The top blueberry bush was created by Rocket’s cousin, J. The bottom bush was created by Rocket.
The supplies for this craft included: bushes I’d cut out of green construction paper, white glue, green leaf confetti, wine corks (for dot painting), and blue paint.
First, they glued green leaves onto their bushes.
Then they dipped the wine corks into blue paint and dabbed them all over the bushes to fill them up with blueberries.
4) Blueberry Hill Play Doh Play
The tray invitation: Blueberry Hill made with the tunnel from our x-track set as the base. I covered it in green Play-Doh with blueberries rolled out of blue Play-Doh, slapped on some plastic trees and grass, added 2 bear figurines and 2 people figurines, and topped it off with 2 “pails” on the side. When I set up trays like this one, they are not with a focused goal in mind. The idea is imaginative open play and the fun is in seeing where Rocket’s mind goes with it all.
First, the people characters picked blueberries and put them in the pails. In this picture, Sal is getting mixed up with the mama bear. He very naturally “plays out” the stories we read on his own.
After Little Sal and her mom filled up the pails with blueberries, Rocket decided they should go home. So I cleared the tray of the hill, used soft foam blocks to create the entry to their house, and the tray became their home. Here, we counted how many blueberries we’d picked.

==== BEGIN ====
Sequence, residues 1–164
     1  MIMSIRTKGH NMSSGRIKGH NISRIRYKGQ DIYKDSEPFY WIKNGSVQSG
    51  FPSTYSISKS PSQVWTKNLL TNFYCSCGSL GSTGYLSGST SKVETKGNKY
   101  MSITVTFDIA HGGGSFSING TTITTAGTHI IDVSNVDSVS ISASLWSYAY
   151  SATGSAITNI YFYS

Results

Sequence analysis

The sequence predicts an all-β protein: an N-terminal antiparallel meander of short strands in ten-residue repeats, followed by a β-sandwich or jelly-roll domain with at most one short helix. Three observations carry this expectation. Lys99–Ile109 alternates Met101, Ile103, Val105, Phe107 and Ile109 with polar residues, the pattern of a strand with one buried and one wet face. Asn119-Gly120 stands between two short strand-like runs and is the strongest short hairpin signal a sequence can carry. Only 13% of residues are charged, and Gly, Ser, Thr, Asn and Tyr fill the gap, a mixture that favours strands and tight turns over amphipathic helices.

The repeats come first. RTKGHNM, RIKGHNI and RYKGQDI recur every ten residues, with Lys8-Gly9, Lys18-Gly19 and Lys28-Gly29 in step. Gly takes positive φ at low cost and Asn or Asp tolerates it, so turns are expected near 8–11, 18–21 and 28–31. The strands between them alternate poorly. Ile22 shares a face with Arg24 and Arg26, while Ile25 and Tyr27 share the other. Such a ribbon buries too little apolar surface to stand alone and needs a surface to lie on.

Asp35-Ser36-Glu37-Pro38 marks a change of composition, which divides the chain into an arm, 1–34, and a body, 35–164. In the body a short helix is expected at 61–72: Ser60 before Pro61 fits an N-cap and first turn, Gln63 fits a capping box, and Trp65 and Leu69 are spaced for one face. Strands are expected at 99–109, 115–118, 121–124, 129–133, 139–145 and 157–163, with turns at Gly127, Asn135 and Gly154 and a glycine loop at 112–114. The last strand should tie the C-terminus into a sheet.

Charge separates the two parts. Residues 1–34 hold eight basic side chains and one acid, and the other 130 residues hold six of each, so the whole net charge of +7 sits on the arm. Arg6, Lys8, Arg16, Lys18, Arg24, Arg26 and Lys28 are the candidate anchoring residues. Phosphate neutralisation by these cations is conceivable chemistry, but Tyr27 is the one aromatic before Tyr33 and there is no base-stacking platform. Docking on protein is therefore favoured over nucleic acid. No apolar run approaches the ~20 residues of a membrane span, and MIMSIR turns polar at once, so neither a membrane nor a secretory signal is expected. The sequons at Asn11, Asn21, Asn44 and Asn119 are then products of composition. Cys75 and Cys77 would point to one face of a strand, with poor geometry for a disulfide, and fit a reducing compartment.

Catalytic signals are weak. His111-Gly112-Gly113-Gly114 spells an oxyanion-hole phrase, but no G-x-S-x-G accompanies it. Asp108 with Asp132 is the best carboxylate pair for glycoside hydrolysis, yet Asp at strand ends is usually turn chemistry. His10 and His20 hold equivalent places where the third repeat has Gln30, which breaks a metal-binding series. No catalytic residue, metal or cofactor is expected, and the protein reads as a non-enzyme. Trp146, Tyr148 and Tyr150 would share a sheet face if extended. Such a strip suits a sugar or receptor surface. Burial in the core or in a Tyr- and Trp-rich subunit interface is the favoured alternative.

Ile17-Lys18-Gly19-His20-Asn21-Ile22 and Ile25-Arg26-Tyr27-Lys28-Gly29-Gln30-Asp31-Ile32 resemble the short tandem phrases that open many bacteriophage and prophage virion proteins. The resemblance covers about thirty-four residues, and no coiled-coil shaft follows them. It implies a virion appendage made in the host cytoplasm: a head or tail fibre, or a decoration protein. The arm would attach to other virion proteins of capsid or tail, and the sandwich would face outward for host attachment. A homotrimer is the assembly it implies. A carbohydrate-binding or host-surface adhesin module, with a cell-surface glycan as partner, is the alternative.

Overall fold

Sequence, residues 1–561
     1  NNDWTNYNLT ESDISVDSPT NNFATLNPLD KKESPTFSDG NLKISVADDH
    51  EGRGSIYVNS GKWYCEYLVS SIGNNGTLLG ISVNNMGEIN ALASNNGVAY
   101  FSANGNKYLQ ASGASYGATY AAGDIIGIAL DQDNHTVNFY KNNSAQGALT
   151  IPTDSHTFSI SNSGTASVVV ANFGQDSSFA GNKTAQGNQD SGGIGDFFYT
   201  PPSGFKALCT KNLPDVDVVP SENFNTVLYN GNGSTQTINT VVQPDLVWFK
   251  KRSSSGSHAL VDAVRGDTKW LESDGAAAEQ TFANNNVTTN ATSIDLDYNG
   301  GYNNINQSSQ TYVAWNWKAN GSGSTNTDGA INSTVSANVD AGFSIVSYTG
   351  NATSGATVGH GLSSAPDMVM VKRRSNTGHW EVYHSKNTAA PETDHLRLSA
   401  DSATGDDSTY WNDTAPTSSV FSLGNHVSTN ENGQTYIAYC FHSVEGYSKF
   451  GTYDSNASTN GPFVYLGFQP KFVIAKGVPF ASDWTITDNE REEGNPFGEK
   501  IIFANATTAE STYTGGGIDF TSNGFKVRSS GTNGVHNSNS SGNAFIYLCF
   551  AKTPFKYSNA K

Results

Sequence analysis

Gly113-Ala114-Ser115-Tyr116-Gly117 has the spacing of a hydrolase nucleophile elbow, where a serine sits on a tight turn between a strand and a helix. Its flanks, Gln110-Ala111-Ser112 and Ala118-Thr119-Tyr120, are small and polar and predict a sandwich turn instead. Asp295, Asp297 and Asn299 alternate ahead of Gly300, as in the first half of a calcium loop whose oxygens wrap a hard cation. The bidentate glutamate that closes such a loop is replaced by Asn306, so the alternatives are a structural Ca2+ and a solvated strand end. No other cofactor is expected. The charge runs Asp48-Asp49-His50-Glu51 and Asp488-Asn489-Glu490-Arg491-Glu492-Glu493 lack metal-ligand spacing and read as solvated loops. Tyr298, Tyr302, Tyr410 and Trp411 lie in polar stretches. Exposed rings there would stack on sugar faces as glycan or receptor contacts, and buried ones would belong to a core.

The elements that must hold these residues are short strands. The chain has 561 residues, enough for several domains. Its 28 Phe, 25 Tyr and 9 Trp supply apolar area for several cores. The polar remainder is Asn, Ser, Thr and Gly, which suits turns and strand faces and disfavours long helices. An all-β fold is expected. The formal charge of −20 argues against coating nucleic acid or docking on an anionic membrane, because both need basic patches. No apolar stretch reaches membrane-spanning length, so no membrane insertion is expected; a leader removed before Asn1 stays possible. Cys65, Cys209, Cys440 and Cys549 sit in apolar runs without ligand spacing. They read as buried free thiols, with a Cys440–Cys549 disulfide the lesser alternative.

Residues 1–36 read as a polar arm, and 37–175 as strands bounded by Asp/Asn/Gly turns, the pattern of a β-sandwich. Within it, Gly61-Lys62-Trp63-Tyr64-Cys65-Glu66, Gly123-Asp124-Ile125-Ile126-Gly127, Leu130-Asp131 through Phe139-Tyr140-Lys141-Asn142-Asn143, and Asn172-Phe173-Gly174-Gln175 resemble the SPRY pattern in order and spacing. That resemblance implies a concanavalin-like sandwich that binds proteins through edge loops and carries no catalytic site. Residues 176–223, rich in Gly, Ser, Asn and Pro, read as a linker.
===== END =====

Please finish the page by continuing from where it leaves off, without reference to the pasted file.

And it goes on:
Rocket suggested that Little Sal and her mom make a blueberry pie for her dad. (This Play-Doh play happened the day after we made our own blueberry pie for Dad). So I took out our Play-Doh rolling pin from this dough set, a cake mold from our cake making station, and brown Play-Doh for the pastry.
First, Rocket rolled out the dough with the rolling pin.
He layered the bottom of the cake with the dough. I helped him remove the edges.
Then he filled up the whole thing with the blueberries.
After covering up the top with more dough, he cut slits into it like we’d done with our real pie!
Next, it was time to bake the pie. I made an “oven” out of more soft foam blocks. He placed the pie in it and set the timer.
Time to remove the pie! Baking a blueberry pie out of the blueberries from the original tray was completely his idea and he had so much fun doing it that we repeated this type of play several times. I love his ideas!
When Little Sal’s dad came home, they offered him the blueberry pie. Her dad was this blue car!
5) Baking A Blueberry Pie
Click the above picture for the full post on our own kitchen adventure in baking a blueberry pie.
6) Making A Blueberry Julius
Click the above picture for the post about making a delicious blueberry julius.
7) Reading With A Focus
Blueberries For Sal is a well-written children’s book with a lot of underlying themes which offer parents many opportunities for deeper discussion with their kids. Some things we talked about:
- The importance of being aware. We talked about how not paying attention led to Sal and the cub losing their mothers.